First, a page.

Food addiction behaviour - how can we help?
Rebecca McKenna is a PhD candidate in the School of Health Sciences and Priority Research Centre for Physical Activity and Nutrition at the University of Newcastle. Her PhD study is in personality traits for people with addictive eating behaviours: A personality-based intervention for the treatment of the symptoms of food addiction. Rebecca has a strong interest in mental health, and the psychology of food and eating. Rebecca has a bachelor’s degree in Nutrition & Dietetics from the University of Newcastle, and a Graduate Diploma in Counselling for Health & Social Care from the University of New England.
There is a lot of debate about food addiction (FA) and whether it actually exists. What is your understanding of FA and how common is it?
Food addiction is certainly a controversial topic. FA is defined as a compulsive consumption of foods, for example processed foods that may be high in sugars, fats and salt. A recent review of all the evidence for FA in humans and animal studies suggests it is a generally valid diagnostic concept, and current research indicates the prevalence of FA is around 20%. Despite this, FA is not yet a condition with official diagnostic criteria. It is an area of research that has been growing at a fast rate over the past 10 years and I believe it will continue to grow.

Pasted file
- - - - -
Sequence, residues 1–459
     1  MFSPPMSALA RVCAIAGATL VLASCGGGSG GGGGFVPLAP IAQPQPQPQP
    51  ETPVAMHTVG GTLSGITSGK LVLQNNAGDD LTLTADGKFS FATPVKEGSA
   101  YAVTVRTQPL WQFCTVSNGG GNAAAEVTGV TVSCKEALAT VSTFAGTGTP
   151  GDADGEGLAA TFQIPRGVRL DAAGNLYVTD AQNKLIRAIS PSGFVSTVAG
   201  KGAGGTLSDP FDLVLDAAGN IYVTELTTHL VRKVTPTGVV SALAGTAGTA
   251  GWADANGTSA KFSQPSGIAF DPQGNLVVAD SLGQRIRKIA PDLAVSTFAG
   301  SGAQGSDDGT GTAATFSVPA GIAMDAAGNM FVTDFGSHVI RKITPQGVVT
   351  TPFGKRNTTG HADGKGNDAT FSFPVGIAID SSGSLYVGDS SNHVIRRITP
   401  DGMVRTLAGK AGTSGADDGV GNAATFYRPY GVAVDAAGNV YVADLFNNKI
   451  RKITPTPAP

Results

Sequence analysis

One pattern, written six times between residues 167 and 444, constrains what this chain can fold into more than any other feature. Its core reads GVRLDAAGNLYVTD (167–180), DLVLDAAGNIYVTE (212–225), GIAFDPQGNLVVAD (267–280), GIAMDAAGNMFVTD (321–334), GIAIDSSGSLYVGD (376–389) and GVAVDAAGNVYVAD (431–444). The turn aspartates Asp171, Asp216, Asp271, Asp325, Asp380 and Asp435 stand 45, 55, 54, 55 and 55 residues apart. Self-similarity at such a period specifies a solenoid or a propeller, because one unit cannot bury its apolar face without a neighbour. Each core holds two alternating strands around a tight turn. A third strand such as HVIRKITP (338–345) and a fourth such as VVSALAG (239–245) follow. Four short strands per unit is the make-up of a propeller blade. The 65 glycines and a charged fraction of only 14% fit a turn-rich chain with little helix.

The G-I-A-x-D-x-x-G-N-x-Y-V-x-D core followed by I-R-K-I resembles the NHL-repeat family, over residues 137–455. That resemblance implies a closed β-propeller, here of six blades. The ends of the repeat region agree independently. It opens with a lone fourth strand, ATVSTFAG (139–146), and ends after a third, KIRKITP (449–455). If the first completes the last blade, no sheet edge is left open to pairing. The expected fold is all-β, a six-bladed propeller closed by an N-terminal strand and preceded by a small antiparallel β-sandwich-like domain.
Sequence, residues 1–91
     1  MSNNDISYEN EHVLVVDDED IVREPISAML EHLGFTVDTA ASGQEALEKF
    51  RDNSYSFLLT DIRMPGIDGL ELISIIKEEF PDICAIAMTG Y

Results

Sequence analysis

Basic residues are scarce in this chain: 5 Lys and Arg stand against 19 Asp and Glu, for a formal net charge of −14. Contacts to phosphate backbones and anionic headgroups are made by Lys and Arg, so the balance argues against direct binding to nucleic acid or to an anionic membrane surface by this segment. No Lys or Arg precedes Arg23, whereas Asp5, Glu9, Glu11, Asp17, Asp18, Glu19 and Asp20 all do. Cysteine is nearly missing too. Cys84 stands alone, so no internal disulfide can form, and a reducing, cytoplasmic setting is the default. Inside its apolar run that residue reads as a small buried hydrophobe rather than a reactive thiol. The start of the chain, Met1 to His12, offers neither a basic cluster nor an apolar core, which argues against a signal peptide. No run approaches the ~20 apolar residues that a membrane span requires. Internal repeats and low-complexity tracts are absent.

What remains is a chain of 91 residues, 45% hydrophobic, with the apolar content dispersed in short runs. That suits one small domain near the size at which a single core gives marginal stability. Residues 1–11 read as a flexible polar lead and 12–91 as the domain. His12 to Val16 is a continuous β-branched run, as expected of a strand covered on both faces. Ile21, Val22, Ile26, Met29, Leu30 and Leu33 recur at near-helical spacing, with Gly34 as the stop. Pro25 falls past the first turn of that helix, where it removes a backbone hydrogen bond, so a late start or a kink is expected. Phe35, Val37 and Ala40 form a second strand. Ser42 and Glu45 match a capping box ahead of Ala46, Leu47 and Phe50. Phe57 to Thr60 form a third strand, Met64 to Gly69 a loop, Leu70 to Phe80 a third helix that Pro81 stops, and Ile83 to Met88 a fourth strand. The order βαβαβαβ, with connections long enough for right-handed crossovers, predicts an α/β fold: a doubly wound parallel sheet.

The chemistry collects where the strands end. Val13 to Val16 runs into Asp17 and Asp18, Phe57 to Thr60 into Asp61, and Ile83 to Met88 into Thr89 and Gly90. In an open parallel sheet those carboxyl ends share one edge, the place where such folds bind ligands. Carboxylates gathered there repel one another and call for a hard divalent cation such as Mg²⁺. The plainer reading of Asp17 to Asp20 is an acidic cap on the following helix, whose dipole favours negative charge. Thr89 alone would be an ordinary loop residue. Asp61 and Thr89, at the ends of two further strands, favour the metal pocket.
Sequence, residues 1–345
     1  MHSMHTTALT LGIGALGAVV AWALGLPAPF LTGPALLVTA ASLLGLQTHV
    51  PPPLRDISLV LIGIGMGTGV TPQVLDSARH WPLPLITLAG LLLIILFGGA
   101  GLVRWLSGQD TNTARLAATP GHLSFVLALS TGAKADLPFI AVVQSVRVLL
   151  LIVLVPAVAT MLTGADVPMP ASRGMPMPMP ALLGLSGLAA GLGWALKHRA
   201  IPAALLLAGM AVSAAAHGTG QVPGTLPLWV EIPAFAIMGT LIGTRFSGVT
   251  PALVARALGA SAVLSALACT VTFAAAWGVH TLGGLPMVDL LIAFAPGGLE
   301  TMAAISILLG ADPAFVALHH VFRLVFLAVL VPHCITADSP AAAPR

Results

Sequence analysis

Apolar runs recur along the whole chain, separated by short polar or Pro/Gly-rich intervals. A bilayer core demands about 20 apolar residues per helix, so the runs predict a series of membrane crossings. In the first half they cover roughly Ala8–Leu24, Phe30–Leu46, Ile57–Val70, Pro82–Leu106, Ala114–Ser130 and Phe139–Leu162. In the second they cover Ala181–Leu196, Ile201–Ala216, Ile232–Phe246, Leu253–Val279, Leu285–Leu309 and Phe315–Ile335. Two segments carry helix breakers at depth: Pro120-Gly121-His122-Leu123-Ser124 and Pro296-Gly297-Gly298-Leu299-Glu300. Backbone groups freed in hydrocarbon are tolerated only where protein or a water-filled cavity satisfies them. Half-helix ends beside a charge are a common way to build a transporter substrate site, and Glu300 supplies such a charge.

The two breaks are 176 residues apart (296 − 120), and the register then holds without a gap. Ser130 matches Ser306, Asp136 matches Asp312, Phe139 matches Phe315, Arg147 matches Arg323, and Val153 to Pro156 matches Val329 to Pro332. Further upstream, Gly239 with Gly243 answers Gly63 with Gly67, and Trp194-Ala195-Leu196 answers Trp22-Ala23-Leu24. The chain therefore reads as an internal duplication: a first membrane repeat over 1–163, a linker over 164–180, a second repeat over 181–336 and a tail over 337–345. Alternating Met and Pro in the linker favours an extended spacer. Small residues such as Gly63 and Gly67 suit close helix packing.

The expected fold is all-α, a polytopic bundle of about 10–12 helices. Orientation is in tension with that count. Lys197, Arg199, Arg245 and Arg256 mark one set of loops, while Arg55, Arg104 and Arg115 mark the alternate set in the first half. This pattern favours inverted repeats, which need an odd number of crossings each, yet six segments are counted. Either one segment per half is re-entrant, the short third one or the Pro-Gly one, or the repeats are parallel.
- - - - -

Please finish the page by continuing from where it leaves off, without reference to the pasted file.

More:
How does FA differ from drug or alcohol addiction?
To date we cannot fully answer this question. Both drug and alcohol addiction are referred to as ‘substance’ addictions because they are substances that induce an addictive response in the brain. Drug and alcohol addiction have criteria in the Diagnostic and Statistical Manual of Mental Disorders (DSM-5) that incorporates clinical impairment to classify substance-use disorder as mild, moderate or severe. The validated Yale Food Addiction Scale (YFAS) to measure FA has been modelled off the DSM-5 criteria for substance-use disorder. There are similar links between personality traits, such as depression and anxiety, in both substance-use disorder and FA, and there is some evidence that similar pathways are involved but research is lacking. Some animal studies show similar responses in the brain to ‘substances’ and sugar, however this research has only just started to be translated to humans. Aspects of drug and alcohol addiction such as pre-occupation, social impairment and risky use have not been as closely researched in FA. These are key areas that would help distinguish addictive consumption of food compared to drugs and alcohol.
Is it chemical or behavioural?
A lot of the research in food addiction is focused around answering this question, and current evidence suggests it is most likely a combination of both. There has been no chemical response found in humans that explains the addictive properties of food. Foods comprise of multiple substances and are consumed for many reasons, both social and physiological. This has led many researchers to look at FA from a behavioural perspective, like gambling addiction. However, it is not clear cut as the way we eat is influenced by both chemical and behavioural factors.
Apart from the scientific debate, what do we know about beliefs around FA in the general community?